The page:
At the end of February I had a few days off and wanted to escape the cold drabness of the Tokyo winter and escape to somewhere a bit warmer. Being only 4 hours away, hot and cheap to get to, Taipei beckoned!
The primary objective of getting away was for some warmer weather – January was too cold for me, and my house here is pretty thin and flimsy. Checking the week before, the temperature in Taiwan was almost double that of Tokyo, until of course when I was due to arrive, when it started raining constantly. Whilst a pleasant reminder of British weather, it was a bit disappointing that it had to choose the 3 days I was there to start raining all the time!
I stayed at the lovely Homey Hostel, which was within walking distance of Taipei 101, formerly the tallest (and now the second tallest) building in the world. My first impressions were quite underwhelming. To be honest from ground level it didn’t really look that tall, though designed like a bamboo cane it was impressive to look at. Having been to visit the Tokyo Sky Tree since (second tallest structure in the world – purely a semantic difference on whether it’s inhabitable or not), whose height was equally underwhelming, I’ve come to the conclusion that while they obviously must be taller than other skyscrapers and tall buildings, from ground level at least the difference is completely negligible.
The ride up to the 88th floor in the world’s fastest lift was impressive though. At 1000m/min, it was ear-poppingly quick! The views from the top were incredible, though unfortunately I arrived at dusk so it soon got dark.
Taipei is famous for its night markets, selling lots of authentic foods and lots of unauthentic tat. Gourmet wise it’s particularly famous for stinky tofu, which is probably the only food I’ve encountered that made me want to retch before I could find stall selling it! The smell really was awful, and to be honest the taste wasn’t much better!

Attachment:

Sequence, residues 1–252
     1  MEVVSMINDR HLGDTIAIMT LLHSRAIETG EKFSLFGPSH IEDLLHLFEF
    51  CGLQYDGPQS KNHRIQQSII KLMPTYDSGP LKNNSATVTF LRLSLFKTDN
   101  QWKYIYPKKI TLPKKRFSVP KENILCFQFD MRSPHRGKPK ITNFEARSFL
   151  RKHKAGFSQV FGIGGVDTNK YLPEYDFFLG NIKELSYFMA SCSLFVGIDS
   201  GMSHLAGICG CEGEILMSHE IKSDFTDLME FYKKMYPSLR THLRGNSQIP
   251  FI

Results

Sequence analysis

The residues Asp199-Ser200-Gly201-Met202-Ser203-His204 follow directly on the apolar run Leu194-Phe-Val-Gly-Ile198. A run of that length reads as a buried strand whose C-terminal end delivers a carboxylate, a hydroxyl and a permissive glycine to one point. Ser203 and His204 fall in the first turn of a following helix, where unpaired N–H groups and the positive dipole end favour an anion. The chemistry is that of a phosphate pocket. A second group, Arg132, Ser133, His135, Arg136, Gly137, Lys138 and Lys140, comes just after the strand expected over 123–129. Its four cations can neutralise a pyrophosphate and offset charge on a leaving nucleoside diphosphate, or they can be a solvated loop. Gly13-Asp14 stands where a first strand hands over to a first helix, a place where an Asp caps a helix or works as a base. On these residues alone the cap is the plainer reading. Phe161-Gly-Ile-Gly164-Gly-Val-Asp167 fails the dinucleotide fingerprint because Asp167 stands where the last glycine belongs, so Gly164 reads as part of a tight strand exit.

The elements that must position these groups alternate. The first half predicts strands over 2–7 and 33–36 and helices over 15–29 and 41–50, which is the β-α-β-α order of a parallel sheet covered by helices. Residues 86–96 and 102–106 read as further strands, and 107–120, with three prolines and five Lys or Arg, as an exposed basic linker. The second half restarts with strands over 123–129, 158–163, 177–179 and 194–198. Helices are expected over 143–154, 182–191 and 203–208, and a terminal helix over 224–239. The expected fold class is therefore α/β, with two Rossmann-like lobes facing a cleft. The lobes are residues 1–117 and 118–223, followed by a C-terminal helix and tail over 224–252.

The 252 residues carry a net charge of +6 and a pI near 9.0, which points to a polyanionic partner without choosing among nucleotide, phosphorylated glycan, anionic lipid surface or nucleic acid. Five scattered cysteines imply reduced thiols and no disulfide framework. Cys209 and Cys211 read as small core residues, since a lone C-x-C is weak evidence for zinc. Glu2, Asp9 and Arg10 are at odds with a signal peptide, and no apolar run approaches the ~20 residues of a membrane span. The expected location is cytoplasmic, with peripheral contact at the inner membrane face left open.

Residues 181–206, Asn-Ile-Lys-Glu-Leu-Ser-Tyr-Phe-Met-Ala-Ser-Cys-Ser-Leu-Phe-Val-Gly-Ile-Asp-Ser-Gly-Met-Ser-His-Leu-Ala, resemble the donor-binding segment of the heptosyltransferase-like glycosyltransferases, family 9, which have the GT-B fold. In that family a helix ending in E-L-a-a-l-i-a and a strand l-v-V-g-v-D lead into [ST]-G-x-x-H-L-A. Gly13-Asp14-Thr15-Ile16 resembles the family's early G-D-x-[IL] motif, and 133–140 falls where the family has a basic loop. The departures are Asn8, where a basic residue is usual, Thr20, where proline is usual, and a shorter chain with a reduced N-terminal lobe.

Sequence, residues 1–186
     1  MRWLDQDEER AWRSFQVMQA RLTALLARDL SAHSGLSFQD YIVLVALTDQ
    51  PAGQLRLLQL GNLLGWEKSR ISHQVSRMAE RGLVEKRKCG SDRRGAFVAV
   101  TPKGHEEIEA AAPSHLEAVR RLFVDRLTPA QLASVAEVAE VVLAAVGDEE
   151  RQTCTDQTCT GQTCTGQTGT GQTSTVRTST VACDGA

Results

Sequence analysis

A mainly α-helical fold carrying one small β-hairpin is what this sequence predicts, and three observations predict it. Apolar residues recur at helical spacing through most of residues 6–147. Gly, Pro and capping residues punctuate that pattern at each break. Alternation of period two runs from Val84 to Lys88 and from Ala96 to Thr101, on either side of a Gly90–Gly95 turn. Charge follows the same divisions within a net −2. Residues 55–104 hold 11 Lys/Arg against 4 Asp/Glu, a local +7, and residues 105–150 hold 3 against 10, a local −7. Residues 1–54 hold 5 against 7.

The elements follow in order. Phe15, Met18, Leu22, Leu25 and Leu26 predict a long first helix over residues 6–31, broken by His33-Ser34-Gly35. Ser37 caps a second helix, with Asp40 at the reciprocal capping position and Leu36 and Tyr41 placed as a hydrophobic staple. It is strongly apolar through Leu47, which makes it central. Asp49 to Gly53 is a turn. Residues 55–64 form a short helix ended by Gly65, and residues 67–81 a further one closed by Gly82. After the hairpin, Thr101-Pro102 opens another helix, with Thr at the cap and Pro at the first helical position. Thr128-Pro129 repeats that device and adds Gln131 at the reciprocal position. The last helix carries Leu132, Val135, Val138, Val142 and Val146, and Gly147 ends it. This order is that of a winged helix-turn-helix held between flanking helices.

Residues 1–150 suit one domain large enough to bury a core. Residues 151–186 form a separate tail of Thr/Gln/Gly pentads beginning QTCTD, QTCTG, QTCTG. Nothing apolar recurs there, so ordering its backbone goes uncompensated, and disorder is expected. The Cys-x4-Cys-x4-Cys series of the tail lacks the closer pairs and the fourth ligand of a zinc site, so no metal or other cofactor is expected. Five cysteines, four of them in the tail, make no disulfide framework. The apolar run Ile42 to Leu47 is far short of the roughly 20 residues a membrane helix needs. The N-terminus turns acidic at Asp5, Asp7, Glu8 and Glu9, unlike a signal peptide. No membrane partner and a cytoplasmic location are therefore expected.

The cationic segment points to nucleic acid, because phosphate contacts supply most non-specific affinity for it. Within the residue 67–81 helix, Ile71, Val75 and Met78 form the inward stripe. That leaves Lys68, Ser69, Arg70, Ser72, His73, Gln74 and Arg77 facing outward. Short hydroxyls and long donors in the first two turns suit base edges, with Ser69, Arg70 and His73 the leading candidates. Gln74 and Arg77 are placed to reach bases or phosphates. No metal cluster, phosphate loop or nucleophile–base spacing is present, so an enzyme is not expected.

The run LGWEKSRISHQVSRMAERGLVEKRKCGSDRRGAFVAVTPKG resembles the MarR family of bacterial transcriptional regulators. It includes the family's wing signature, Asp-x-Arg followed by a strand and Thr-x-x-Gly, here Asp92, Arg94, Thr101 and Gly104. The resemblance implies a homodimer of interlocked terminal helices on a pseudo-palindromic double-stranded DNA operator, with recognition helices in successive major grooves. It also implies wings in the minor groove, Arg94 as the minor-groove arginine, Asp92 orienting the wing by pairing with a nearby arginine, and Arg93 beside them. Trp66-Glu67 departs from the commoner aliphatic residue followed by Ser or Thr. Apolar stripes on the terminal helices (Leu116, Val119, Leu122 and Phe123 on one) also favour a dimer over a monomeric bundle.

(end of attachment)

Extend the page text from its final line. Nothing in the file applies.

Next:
The next day I went to the National Palace Museum, apparently the greatest collection of Imperial Chinese artefacts in the world, after being exported for safety by Chiang Kai-shek during the Chinese Civil War, and I must say it was very impressive. Lots of jade and lots of pots when I went there, they rotate the displays quite a lot as they have so much they can exhibit.
Other highlights included the Longshan temple, a Buddhist/Taoist mix with lots of chants and music, and the aromas of much incense; taking the gondola up the mountain to Maokong (an area famous for its tea production), though this would have been better if it wasn’t pouring with rain and therefore reducing vision to literally only metres; visiting Chiang Kai-shek’s mausoleum, and watching the changing of the guard there.
All in all it was nice to have visited, but I think 3 days was enough. Compared to Tokyo it’s a bit shabby and run down, but that in itself added a certain charm.